"We have not reached any conclusions about this matter," the letter from the department to Whitmer said. "In the division’s many years of enforcing CRIPA, the good faith efforts of state, county or local jurisdictions working with us have enabled us to resolve many matters amicably."
The states facing the requests for information "required nursing homes to admit COVID-19 patients to their vulnerable populations, often without adequate testing," according to the press release from the department.
Officials in Michigan have said they didn't force any nursing homes to take COVID-19 patients whom the facilities didn't believe they could care for properly.
However, the state's policies focused on caring for those with the virus within isolated areas of existing nursing homes. Critics of the policies say they helped the virus spread within the facilities and have called for entirely separate facilities to treat residents with the COVID-19.
In July, a Detroit News review of inspection reports for the 45 nursing homes with the most deaths linked to COVID-19 found that nearly half had been cited in the last four months for failing to follow infection control, isolation or staffing policies.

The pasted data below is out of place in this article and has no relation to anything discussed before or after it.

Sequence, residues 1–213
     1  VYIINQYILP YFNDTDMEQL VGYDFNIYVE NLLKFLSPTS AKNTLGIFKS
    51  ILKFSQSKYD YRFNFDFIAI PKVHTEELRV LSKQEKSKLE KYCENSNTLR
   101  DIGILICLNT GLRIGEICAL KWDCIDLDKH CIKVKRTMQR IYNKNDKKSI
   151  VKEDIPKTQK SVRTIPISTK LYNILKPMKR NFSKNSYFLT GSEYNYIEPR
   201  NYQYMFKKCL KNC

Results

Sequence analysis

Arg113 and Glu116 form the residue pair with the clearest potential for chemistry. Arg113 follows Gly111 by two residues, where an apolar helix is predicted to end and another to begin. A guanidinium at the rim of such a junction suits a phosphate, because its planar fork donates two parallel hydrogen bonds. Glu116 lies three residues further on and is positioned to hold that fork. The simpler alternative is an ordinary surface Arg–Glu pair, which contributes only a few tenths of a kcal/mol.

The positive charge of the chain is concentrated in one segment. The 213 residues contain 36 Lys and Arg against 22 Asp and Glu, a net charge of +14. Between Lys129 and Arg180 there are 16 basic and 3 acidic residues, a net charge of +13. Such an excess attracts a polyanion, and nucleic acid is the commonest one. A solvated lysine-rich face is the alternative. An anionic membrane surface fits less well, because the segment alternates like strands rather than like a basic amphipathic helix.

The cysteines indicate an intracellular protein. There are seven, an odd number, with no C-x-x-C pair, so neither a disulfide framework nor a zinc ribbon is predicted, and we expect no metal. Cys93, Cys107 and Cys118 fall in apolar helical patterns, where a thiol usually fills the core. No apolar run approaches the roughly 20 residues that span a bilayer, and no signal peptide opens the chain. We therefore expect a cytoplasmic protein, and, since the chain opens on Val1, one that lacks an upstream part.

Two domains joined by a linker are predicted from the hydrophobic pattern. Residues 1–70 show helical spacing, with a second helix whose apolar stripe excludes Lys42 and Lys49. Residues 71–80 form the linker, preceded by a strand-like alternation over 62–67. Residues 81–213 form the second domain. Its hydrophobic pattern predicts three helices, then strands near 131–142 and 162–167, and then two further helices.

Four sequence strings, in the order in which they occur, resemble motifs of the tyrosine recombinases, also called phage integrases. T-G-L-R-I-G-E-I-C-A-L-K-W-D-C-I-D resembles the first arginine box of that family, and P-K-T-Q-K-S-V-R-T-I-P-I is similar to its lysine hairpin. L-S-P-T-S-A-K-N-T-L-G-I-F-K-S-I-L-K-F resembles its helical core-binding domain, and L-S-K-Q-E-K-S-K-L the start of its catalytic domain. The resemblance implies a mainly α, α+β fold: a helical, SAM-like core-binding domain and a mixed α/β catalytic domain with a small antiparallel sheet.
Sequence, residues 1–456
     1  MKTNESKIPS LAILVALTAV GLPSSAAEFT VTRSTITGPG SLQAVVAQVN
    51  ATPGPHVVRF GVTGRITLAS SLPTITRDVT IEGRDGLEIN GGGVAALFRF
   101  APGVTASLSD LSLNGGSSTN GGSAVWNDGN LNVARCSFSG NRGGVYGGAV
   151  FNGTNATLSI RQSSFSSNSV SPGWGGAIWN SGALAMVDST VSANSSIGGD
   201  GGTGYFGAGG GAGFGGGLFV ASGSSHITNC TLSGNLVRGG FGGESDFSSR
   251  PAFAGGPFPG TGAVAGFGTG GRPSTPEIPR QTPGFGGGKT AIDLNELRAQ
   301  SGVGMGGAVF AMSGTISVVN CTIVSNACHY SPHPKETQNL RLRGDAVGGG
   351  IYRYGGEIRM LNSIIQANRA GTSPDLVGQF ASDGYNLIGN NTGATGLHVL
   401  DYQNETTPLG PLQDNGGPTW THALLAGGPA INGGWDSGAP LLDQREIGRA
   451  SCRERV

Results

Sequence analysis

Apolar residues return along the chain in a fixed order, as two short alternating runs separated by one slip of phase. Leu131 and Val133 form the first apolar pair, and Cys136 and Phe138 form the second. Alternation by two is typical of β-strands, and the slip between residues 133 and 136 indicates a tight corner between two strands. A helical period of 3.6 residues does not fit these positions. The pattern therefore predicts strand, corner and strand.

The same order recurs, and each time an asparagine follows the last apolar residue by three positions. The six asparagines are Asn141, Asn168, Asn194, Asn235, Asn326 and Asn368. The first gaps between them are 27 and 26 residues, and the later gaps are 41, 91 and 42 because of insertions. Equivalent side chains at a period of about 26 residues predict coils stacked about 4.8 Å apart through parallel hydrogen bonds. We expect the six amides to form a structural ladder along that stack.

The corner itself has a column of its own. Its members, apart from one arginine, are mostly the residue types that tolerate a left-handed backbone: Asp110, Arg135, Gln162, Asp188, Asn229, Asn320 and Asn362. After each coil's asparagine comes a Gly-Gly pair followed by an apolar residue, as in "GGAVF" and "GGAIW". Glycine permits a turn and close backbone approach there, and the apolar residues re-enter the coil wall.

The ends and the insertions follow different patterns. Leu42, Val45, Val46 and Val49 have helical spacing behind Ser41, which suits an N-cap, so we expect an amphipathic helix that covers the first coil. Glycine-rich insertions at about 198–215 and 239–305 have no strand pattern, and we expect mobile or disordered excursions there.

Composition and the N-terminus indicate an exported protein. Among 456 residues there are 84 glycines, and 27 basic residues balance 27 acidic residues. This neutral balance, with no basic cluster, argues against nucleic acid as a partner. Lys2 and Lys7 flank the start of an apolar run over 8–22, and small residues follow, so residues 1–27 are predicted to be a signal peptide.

In April, Whitmer's administration created regional hubs — 21 nursing homes that are supposed to have the equipment and capacity to care for those with COVID-19 in separate areas from residents without the virus. The hubs can receive stable COVID-19 patients being discharged from hospitals and residents from other facilities not capable of properly caring for them.
In late July, Whitmer vetoed a bill from the GOP-controlled Legislature that would have shifted elderly people with COVID-19 away from nursing homes and into entirely separate facilities. In a letter explaining her veto, the Democratic governor said the bill, sponsored by Sen. Peter Lucido, R-Shelby Township, was based on "the false premise that isolation units created within existing facilities are somehow insufficient to protect seniors."
"Instead of protecting seniors, this bill would require the state to create COVID-19-only facilities, forcing hospitals and many nursing homes to send COVID-19-positive patients to such facilities without any requirement for consent, doctor approval or notification to the patient or their family," the governor added. "The legislation fails to explain how such facilities would be staffed or paid for, or how frail residents would be protected during the potentially traumatic transfer from one facility to another."
Every state with coronavirus nursing home guidelines like those of the Whitmer administration has since shifted to a policy similar to what Republicans proposed, said Lucido, who wants legislative leaders to schedule a veto override vote.
The Shelby Township Republican, who is running for Macomb County prosecutor in the fall, has noted the Whitmer administration's paying regional hubs $5,000 per bed in the program and $200 per day for occupied beds.
"They incentivized bringing COVID patients into nursing homes," Lucido told The Detroit News in late July. "They sweetened the deal."